E3 2019 Hands-on – Dragon Quest Builders 2

Final Fantasy VII? Avengers? Nah, what I really wanted to see from Square Enix this E3, and I’m not even joking, was Dragon Quest Builders 2. I absolutely loved the first game and played it twice, on the PS4 and Switch. It had its fair share of issues, such as a short campaign, an unreliable camera, and the lack of a first-person view mode, but I still had an amazing time with it. It was the perfect blend of Minecraft‘s building mechanics with a slight touch of action RPG controls and a humorous story worth caring about. I wanted more the second the game ended. That’s why I was salivating before my Dragon Quest Builders 2 session at E3 2019. I was definitely not disappointed.


Dragon Harvest Moon Builders.

During the half-hour demo, I was able to play two scenarios, one made for newcomers and one made for veterans. The newcomer scenario was set in a ship and did a great job explaining the game’s mechanics in a well-written way, while the veteran scenario just allowed me to let my horrendous architectural skills go wild. It was quite meaty for an E3 demo, but then again, the game is set to be released in a month in the West, while already being available in Japan.

The demo showcased every new mechanic introduced in this sequel. There is a brand new retro-styled map that allows you to fast travel without the need of a specific item. You can now fly and swim underwater. All of those features massively improve another main issue from the previous game: being forced to backtrack through huge sections of the world if you didn’t have a stock of Chimaera Feathers.

You can also play as either a boy or a girl. Your main characters have received a slight graphical upgrade, as they now feature facial expressions. The overall graphics have received a slight improvement as well, especially when it comes to lighting effects. The biggest improvement this time around, however, is the ability to play the game in first-person. It might sound weird, but trust me, it’s a game changer for a game like this. The lack of said feature was, without a doubt, my biggest issue in the original Dragon Quest Builders. We were constantly forced to build small and cramped houses and rooms for everyone, making the camera go absolutely haywire. Being able to build (and aim) in first-person, just like in Minecraft, is a godsend.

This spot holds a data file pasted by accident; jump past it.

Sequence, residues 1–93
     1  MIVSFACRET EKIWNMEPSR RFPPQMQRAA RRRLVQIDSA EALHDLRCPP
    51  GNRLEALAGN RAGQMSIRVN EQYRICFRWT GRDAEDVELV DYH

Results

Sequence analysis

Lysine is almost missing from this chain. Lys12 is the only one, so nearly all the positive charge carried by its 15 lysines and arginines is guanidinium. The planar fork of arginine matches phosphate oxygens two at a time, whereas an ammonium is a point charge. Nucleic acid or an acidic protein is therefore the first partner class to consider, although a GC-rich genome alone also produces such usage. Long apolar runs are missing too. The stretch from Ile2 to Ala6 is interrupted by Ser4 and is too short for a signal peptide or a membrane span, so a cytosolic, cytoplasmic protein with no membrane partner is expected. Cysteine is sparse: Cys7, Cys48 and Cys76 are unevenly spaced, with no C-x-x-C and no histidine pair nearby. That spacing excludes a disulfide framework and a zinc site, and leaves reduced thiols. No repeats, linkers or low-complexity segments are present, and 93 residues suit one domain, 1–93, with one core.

You can always trust a game designed by Akira Toriyama to have spiky-haired characters, even if they’re in chibi form.

What I liked the most about Dragon Quest Builders 2‘s E3 demo was that, while there weren’t that many additions to what was featured in the first game, every new mechanic introduced in the sequel felt like a gigantic improvement over the original. It looks better than the original and it plays a lot better. I just can’t wait for the final release of Dragon Quest Builders 2, this is how you do a proper sequel to a great game that just needed a bit of tinkering here and there.